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JPMorgan earnings jump 33 percent in quarter

JPMorgan chief executive Jamie Dimon said the bank is seeing signs the economy is getting stronger.

J. Scott Applewhite/Associated Press/File 2012

JPMorgan chief executive Jamie Dimon said the bank is seeing signs the economy is getting stronger.

NEW YORK — JPMorgan Chase, the nation’s largest bank, reported a 33 percent rise in first-quarter earnings Friday, bolstered by gains in the investment banking business and a surge in mortgage lending.

“All our businesses had strong performance, and our client franchises did exceptionally well,’’ Jamie Dimon, the bank’s chief executive, said in a statement.

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As the economy recovers slowly, demand for loans remained stagnant. JPMorgan said total loans at the bank fell 1 percent. Yet gains from investment banking allowed JPMorgan to record 12 consecutive quarters of profit.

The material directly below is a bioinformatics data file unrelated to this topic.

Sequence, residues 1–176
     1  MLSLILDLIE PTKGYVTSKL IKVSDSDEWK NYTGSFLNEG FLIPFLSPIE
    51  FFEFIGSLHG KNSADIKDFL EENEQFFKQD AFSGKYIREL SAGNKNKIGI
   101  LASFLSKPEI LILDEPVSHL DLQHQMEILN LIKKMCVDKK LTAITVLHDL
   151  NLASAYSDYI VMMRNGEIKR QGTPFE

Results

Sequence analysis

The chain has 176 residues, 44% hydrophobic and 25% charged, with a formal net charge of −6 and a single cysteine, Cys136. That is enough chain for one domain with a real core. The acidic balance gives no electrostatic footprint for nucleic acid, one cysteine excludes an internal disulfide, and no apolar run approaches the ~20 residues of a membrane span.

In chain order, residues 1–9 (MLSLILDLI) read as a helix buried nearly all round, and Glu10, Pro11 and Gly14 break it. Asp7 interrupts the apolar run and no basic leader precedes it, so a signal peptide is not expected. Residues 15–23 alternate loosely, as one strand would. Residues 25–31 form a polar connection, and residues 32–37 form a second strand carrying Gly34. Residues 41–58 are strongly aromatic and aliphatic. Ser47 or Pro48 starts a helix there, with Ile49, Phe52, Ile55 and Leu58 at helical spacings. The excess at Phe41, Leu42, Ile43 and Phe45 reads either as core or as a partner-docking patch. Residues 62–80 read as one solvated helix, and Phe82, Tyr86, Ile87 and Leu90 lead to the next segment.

Within the investment banking unit, assets grew by 8 percent to $19.3 trillion for the first quarter. Fees rose 4 percent, to $1.4 billion.

The net earnings of $6.5 billion, or $1.59 a share, exceeded Wall Street analysts’ expectations. Revenue was $25.8 billion, compared with $26.8 billion in the same period a year earlier.

The report kicked off the bank earnings season. As the nation’s largest bank by assets, JPMorgan is often looked at as a bellwether.

A bright spot for earnings was mortgage lending, fueled in part by federal programs that have helped damp interest rates. Those low rates have prompted homeowners to refinance. The mortgage banking group posted a profit of $673 million, down 31 percent from a year earlier.

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